Saturday, April 27, 2013

Enhanced Virtual Wire Interface

This post presents the final design of the Cosa Virtual Wire Interface. It now includes many of the features discussed in the previous posts. The main enhancement is reliable wireless communication on cheap RF433 transmitter and receiver modules with node addressing, message filtering, auto-retransmission and support for message dispatch. As before this Cosa sub-system may be used with ATtinyX5 to create ultra tiny and low power sensor devices.

The first section of the post describes the modifications to the Cosa VWI Receiver and Transmitter classes, adding addressing and message tags. The second section describes the new VWI::Transceiver class which provides message acknowledgement with auto-retransmission and reduces much of the complexity of designing and implementing wireless message protocols.

To achieve this the original Virtual Wire Interface (VWI) has been extended. A new overloaded send() method is introduced to allow gathering of multiple buffers (iovec_t). This makes implementation of communication protocols much easier and reduces message memory buffer copying.

To improve performance of retransmission a new resend() method is also introduced. This method will simple retransmit the message already encoded in the transmission buffer. There are also access methods for the next message sequence counter as this will be needed later for retransmission. Below is the updated VWI::Transmitter API.

 Fig.1: Enhanced VWI Transmitter Member Functions

The enhanced mode is enabled by providing a 32-bit node address when calling VWI::begin(). Below is the setup() from the example sketch CosaVWItempsensor.ino to give an idea how this works. 

// Connect RF433 transmitter to Arduino/D9
VirtualWireCodec codec;
VWI::Transmitter tx(Board::D9, &codec);

const uint16_t SPEED = 4000;
const uint32_t ADDR = 0xC05a0002;

...
void setup()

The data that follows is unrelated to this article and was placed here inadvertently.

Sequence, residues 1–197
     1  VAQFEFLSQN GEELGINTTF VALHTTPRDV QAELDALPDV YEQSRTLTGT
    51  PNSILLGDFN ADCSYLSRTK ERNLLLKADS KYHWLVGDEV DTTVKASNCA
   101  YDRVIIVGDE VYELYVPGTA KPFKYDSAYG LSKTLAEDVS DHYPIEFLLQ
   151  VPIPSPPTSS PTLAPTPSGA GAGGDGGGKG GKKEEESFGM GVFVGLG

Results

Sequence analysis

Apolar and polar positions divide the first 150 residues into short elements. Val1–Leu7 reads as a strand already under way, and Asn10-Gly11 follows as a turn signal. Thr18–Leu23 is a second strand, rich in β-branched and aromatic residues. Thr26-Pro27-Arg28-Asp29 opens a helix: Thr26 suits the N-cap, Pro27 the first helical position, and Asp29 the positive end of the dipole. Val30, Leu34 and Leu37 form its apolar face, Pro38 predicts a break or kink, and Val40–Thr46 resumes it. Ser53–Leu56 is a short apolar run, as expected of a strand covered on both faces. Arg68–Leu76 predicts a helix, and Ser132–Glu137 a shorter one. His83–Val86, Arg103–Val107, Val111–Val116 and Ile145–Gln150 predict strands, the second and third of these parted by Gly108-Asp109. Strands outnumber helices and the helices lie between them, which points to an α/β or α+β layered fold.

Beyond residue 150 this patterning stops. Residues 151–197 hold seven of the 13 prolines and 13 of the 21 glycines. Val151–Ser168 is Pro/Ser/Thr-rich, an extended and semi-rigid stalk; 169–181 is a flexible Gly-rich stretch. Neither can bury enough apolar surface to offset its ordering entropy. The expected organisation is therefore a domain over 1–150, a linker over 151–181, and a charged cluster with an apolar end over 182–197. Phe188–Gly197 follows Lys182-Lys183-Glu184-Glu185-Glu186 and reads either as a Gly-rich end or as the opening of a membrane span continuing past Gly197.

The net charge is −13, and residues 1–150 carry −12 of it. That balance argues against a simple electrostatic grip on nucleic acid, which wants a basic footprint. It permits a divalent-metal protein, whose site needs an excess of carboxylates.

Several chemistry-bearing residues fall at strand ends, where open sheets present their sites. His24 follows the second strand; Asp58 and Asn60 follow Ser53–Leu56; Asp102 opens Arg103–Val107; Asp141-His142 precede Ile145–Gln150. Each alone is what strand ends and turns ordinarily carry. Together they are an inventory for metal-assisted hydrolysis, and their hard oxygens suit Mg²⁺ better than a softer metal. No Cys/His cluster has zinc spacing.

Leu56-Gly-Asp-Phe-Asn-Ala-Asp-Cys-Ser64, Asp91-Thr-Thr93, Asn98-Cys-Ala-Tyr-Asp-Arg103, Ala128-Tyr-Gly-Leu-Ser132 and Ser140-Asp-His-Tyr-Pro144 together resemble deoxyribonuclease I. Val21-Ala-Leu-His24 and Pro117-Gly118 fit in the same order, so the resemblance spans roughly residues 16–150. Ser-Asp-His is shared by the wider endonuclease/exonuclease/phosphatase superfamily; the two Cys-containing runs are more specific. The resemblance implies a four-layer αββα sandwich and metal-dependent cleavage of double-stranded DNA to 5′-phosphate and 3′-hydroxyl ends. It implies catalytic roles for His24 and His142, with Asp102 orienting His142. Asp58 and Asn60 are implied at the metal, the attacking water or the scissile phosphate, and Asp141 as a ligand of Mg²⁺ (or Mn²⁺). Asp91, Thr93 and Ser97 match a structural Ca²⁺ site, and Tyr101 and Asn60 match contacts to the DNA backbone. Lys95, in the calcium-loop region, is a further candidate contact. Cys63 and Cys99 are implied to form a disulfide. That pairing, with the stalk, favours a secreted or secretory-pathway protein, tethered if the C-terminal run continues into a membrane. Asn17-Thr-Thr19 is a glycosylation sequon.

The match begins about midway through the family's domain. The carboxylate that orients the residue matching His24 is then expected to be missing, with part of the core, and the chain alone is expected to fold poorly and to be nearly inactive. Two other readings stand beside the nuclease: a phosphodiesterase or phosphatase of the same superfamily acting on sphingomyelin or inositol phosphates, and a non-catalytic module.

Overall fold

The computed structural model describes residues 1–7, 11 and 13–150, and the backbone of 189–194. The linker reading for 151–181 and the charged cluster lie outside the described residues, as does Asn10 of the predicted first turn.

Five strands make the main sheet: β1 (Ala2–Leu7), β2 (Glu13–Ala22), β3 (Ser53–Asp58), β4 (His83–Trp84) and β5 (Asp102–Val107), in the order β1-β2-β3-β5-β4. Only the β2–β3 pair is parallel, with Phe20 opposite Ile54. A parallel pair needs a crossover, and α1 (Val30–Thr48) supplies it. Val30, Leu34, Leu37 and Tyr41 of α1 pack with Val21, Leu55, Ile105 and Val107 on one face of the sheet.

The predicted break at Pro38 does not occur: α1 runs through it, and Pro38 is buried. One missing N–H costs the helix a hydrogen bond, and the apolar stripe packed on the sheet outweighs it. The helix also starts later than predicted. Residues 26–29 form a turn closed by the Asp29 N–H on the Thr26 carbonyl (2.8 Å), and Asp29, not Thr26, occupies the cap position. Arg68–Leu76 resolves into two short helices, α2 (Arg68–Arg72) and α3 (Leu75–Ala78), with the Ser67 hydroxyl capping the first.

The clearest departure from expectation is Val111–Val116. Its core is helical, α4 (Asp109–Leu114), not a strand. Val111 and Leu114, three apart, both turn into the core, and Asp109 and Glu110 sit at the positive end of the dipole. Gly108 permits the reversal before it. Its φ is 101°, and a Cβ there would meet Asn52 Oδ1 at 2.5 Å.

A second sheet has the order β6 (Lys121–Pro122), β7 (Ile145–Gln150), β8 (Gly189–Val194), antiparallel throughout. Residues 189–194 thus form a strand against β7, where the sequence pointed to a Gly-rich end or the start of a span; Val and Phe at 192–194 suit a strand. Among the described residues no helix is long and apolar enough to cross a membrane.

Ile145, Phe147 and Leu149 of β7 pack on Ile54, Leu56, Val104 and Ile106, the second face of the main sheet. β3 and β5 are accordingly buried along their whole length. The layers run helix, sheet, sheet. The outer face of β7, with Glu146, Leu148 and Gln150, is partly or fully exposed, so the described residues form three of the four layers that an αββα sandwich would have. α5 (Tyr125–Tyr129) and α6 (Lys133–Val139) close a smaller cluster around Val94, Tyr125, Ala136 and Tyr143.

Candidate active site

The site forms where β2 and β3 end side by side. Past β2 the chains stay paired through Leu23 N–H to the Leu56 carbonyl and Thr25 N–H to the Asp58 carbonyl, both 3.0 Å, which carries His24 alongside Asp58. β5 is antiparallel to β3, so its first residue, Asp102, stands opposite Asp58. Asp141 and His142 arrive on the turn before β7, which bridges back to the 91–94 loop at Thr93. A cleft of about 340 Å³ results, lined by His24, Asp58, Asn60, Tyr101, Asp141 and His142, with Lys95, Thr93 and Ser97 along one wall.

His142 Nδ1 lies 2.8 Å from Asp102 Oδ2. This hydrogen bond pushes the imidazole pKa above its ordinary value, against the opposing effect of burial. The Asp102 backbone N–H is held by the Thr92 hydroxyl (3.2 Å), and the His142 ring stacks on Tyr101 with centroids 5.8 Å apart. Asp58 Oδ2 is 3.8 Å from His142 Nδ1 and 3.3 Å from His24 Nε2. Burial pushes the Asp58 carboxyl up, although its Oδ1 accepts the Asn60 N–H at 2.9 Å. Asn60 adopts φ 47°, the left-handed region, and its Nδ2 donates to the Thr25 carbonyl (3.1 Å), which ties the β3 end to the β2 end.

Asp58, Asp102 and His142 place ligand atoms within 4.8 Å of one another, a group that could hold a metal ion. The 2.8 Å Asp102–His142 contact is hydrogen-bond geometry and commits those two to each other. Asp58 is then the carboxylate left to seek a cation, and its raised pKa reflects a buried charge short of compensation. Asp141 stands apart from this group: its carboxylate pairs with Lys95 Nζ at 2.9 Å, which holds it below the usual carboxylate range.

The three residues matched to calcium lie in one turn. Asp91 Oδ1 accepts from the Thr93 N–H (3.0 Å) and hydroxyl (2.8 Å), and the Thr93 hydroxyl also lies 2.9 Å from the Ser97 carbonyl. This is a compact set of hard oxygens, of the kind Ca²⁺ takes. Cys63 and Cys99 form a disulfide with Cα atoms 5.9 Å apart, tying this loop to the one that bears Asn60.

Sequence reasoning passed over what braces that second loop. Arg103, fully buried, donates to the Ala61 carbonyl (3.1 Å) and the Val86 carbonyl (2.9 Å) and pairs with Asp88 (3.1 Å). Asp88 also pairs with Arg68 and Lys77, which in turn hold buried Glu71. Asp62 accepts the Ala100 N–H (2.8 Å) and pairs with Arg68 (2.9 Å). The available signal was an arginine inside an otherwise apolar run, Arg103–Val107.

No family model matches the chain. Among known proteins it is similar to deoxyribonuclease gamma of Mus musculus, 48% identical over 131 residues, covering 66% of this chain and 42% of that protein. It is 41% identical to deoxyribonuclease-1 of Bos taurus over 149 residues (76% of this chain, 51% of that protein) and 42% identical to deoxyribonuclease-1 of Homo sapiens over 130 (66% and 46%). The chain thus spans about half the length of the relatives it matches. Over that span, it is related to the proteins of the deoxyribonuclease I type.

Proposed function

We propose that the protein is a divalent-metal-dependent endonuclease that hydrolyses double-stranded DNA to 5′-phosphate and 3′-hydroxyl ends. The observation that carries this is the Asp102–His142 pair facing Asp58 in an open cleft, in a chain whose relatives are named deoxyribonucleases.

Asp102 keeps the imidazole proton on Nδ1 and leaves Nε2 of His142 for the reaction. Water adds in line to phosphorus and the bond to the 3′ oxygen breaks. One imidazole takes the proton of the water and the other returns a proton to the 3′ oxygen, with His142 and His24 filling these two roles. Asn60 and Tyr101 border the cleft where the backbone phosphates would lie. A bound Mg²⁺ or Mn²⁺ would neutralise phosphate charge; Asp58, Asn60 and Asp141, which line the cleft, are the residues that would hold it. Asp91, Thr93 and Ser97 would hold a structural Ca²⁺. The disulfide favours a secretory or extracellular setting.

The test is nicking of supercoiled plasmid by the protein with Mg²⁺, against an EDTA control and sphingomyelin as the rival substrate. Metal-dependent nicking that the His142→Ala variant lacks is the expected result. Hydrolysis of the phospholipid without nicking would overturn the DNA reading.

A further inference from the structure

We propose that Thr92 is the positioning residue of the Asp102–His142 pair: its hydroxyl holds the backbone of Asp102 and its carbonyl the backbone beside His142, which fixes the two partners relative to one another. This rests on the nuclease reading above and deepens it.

{
  ...
  // Start the Virtual Wire Interface/Transmitter
  VWI::begin(ADDR, SPEED);
  tx.begin();
  ...
}


The blue section is the only change needed to enable addressing from the sensor node, i.e. the new address parameter. The loop() of the temperature sensor will read two 1-Wire Thermometers and send the values together with a reading of the power supply voltage. The message is defined as a struct (sample_t) and given a message type tag, SAMPLE_CMD. This is used as an extra parameter to the send() method and provides the receiver with information about what type of message the payload contains. See the blue sections below.

// Message from the device; temperature and voltage reading
const uint8_t SAMPLE_CMD = 42;
struct sample_t {
  int16_t temperature[2];
  uint16_t voltage;
};

...
void loop()
{

  ...  // Initiate the message with measurements
  sample_t msg;  
  msg.temperature[0] = indoors.get_temperature();
  msg.temperature[1] = outdoors.get_temperature();
  msg.voltage = AnalogPin::bandgap(1100);
  // Enable wireless transmitter and send. Wait completion and disable
  VWI::enable();
  tx.send(&msg, sizeof(msg), SAMPLE_CMD);
  tx.await();
  VWI::disable();
  ...
}


The VWI::Receiver class is also enhanced with filtering of incoming messages. The API is not changed, i.e. the recv() method has the same prototype. Incoming messages are matched against the receiver node address using a simple sub-net mask. The mask is provided as an extra parameter to the begin() method for the receiver. The logic of the address filtering is:

(incoming-message-address & receive-node-sub-net-mask) == receive-node-address

This implies that receiving nodes only listens for messages from transmitters with the same sub-net address as the receiver. Below is the setup() snippet from the CosaVWItempmonitor.ino example sketch:

// Virtual Wire Interface Receiver connected to pin D8
VirtualWireCodec codec;
VWI::Receiver rx(Board::D8, &codec);

const uint16_t SPEED = 4000;
const uint32_t ADDR = 0xc05a0000UL;
const uint32_t MASK = 0xffffff00UL;

...
void setup()
{
  ...
  // Start virtual wire interface and receiver. Use eight bit sub-net mask
  // Transmitters must have the same 24 MSB address bits as the receiver.
  VWI::begin(ADDR, SPEED);
  rx.begin(MASK);
}


In the above snippet the sub-net MASK will allow for 255 transmitting sensor reporting to the monitoring node. The first sub-net address (0) is the receiver itself. With the <24:8> bit addressing scheme in the example sketch there could be 2**24 monitor nodes if in a flat structure. Additional sub-nets are possible, if for instance <16:8:8>, the monitoring node would also report to a sub-net with yet another layer of nodes. And parts of the address could be used to sensor type tagging.

The VWI::Receiver::recv() method will return the full message with the enhanced mode header and the application payload to the caller. Further filtering and dispatch of message will require access to the enhanced VWI header. Defining a struct (msg_t) with the header and a union of the application message data types, as in the snippet below, is a convenient way to describe the incoming messages. Also it is practical to collect all messages in a separate header file to keep the code base consistent. Below is the loop() of the example monitor with an example of message filtering based on the message type (command/cmd). 

// Message received from VWI in extended mode
struct msg_t {
  VWI::header_t header;
  union {
    sample_t sample;